The American Trucking Association Inc., the leading lobbying group for the regulated trucking industry, is now telling members of the Senate that with two key changes they will drop their efforts to kill a deregulation package passed recently by the Senate Commerce Committee.
"If these changes are made, we will not be in the position of lobbying against final Senate passage," Bennett Whitlock, president of the association said yesterday. "We'll reserve judgement until we get further along.'
Whitlock said the ATA is opposed to a sweeping food exemption provision that would expand the exempt commodities truckers can carry to include all food products. Further, the ATA is firmly against deregulating freight moved partially by rail, another section of the Senate bill.
Whitlock also emphasized that the group would continue its staunch opposition to the bill if certain other amendments are added.
There have been some indications, for instance, that Sen. Edward Kennedy (D-Mass.), a long-time deregulation advocate, may propose from the Senate floor a total lifting of the antitrust immunity. In current form, the legislation would lift the immunity in 1983 only as it applies to single-line ratemaking.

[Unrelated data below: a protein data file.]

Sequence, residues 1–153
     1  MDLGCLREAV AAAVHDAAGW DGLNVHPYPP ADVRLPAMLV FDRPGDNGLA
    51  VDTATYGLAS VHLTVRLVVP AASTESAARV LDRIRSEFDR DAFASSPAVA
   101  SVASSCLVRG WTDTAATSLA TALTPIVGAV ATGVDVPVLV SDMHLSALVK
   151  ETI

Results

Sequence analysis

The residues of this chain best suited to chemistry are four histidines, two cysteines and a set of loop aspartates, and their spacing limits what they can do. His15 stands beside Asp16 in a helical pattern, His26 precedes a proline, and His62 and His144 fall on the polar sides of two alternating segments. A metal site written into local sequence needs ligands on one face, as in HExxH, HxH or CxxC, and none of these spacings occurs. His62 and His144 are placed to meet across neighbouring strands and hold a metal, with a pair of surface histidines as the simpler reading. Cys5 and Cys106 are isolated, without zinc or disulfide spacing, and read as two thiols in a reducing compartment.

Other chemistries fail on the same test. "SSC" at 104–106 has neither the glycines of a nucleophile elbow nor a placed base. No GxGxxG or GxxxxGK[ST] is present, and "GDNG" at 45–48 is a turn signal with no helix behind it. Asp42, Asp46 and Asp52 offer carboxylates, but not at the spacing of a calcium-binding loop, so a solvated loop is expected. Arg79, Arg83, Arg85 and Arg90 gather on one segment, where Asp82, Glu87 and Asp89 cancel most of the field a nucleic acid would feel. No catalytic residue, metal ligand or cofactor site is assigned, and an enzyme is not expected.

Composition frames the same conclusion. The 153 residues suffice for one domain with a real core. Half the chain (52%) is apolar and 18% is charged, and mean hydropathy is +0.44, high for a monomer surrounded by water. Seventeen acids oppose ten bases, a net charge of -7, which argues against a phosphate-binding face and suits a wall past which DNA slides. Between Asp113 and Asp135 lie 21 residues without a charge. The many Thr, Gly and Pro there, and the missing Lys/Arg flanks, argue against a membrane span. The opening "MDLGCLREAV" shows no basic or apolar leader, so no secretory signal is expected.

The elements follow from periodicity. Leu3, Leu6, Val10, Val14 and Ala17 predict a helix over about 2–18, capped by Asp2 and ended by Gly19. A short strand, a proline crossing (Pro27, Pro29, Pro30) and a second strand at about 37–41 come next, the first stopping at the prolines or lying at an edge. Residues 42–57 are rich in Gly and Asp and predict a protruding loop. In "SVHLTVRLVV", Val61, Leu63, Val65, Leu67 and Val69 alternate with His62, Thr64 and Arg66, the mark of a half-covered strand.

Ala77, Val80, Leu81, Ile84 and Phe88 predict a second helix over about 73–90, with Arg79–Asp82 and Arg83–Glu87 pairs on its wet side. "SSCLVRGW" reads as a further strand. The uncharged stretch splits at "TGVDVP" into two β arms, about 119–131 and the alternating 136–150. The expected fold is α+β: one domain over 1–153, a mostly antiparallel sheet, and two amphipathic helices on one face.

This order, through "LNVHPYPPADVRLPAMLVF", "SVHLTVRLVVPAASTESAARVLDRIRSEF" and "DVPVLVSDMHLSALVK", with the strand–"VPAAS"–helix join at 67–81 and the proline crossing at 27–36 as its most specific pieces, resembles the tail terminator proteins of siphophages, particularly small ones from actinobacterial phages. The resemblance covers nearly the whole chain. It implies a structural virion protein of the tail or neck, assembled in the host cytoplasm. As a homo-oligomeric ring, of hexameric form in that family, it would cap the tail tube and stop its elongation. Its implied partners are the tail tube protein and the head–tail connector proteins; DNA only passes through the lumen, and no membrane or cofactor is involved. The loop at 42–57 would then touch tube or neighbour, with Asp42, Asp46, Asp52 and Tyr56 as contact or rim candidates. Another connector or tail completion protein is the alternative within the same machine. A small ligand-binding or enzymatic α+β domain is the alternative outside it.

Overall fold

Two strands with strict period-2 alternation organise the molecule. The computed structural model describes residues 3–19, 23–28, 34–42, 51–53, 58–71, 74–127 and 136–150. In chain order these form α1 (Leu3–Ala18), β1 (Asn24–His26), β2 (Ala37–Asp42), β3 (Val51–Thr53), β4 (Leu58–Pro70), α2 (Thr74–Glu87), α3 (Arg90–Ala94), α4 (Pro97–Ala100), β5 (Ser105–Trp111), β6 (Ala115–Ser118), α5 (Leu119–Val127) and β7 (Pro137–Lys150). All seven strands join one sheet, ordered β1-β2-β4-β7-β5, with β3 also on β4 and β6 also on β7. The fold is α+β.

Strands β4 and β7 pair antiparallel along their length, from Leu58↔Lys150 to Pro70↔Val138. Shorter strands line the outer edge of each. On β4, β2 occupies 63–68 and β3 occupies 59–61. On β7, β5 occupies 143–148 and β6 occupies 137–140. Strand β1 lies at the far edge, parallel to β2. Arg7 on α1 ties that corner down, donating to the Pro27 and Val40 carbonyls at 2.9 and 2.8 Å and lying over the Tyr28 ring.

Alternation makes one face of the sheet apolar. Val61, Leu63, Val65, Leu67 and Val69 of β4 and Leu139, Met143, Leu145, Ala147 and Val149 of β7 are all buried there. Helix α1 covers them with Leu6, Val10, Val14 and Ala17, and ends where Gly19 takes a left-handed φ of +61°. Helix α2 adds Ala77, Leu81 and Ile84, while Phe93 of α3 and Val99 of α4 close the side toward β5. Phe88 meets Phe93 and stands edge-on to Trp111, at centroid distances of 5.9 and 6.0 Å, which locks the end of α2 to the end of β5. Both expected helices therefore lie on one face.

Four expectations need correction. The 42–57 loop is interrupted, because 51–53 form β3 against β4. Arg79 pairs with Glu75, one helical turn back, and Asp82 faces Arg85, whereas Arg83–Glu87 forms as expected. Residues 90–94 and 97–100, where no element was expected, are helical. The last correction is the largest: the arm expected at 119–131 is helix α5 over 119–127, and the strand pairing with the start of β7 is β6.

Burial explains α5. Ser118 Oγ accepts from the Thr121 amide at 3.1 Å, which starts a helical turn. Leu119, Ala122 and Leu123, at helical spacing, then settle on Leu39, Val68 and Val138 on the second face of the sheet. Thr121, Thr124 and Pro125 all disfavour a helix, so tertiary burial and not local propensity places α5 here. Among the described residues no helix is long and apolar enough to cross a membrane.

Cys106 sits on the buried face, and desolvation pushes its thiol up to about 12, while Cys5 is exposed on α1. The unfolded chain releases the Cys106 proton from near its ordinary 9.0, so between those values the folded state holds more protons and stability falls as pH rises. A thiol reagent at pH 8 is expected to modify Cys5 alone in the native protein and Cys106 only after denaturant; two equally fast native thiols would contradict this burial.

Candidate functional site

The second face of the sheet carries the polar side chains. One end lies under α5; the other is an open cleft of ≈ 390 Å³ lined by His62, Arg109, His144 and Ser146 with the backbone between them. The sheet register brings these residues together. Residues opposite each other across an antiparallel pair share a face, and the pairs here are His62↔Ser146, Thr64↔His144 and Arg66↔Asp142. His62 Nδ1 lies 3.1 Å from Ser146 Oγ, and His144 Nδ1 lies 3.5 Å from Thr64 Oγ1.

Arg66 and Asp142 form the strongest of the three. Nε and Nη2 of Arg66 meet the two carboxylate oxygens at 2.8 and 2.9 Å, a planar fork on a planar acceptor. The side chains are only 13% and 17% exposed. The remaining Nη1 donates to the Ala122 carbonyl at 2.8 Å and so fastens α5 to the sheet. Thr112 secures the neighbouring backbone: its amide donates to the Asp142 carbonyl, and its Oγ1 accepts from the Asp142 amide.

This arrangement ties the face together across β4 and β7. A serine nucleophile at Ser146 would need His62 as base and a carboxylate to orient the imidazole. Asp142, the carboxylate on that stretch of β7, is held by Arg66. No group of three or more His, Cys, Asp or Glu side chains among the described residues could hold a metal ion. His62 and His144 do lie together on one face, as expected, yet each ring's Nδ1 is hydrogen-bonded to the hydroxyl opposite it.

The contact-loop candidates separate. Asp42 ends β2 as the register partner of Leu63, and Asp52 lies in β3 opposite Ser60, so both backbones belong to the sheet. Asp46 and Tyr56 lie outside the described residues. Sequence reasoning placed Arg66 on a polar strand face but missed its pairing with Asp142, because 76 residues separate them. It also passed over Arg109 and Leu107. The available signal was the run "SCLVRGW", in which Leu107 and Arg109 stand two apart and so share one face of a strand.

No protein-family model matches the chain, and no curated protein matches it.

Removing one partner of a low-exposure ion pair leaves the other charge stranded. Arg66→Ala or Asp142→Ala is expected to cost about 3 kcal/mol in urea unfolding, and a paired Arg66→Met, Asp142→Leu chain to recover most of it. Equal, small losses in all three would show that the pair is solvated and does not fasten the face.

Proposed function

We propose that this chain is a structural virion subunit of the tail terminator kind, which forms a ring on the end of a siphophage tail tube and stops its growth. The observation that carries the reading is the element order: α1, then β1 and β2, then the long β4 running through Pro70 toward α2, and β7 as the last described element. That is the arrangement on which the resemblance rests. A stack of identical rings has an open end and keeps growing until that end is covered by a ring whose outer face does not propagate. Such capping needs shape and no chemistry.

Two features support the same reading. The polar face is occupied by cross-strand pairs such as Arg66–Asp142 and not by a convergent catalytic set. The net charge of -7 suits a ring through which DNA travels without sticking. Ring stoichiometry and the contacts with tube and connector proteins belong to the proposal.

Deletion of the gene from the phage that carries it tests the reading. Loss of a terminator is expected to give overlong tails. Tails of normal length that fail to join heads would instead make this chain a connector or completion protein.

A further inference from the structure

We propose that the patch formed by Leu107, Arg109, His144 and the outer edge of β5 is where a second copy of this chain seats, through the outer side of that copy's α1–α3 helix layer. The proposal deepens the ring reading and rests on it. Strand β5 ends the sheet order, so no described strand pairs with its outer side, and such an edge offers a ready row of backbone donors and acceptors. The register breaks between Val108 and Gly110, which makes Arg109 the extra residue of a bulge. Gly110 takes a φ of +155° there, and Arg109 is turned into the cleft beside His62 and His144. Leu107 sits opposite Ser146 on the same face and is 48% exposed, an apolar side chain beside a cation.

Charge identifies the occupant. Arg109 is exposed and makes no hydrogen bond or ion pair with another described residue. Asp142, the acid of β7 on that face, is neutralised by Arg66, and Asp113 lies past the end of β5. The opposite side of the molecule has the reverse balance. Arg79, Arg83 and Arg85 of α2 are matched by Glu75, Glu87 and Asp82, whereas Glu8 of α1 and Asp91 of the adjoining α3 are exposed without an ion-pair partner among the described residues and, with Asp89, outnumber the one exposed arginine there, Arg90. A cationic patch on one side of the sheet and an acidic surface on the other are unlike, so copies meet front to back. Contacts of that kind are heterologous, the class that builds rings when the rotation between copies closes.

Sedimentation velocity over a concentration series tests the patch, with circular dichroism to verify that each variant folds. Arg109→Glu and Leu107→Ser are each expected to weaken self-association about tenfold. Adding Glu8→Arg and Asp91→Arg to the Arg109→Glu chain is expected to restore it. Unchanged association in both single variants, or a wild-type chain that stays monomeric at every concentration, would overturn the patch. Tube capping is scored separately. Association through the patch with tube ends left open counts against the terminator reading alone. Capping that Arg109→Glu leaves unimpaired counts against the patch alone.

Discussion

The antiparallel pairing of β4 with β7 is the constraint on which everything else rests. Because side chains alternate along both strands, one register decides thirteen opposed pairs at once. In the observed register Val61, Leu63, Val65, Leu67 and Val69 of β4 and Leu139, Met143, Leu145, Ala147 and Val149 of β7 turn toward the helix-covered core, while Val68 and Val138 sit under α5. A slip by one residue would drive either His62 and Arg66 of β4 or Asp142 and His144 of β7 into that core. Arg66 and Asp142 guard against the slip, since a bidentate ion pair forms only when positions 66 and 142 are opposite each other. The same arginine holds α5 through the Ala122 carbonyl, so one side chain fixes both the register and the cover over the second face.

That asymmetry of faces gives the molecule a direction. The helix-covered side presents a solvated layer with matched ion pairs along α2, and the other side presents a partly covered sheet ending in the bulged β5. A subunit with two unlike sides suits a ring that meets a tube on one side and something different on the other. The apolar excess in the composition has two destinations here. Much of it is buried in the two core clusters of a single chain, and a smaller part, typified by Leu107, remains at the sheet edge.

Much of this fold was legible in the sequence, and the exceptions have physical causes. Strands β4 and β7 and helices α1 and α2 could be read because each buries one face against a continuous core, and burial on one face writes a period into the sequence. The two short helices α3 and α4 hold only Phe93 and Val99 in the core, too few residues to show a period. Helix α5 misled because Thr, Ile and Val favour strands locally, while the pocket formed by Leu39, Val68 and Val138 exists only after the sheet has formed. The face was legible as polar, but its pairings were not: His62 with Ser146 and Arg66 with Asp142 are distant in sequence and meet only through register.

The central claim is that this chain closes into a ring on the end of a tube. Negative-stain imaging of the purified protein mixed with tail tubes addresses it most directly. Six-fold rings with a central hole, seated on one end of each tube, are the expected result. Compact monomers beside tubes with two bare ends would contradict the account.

Earlier in the day, John Kinnaird, ATA's vice president for government relations, suggested that the group possibly could support the bill if the two sections were lifted. "We would support it with some key amendments," he said at the time.
But Whitlock and Kinnaird later insisted that they will not support the bill under any circumstances when it comes to a vote on the Senate floor.
"We want the latitude," Whitlock said. "If those two provisions in the bill are removed, the industry will not oppose the bill."
The action ultimately taken on the Senate floor is vital to the fate of trucking deregulation since Rep. James Howard (D-N.J.), chairman of a House Public Works subcommittee considering measures to revise trucking statutes, seems inclined to wait until the full Senate acts before taking up the issue.
The Senate Commerce Committee passed a bill proposed by Sens. Packwood (R-Ore.) two weeks ago by a 13-to-4 vote. The Cannon-Packwood package does not go as far in deregulating the industry as does a proposal endorsed by President Carter, Kennedy and others.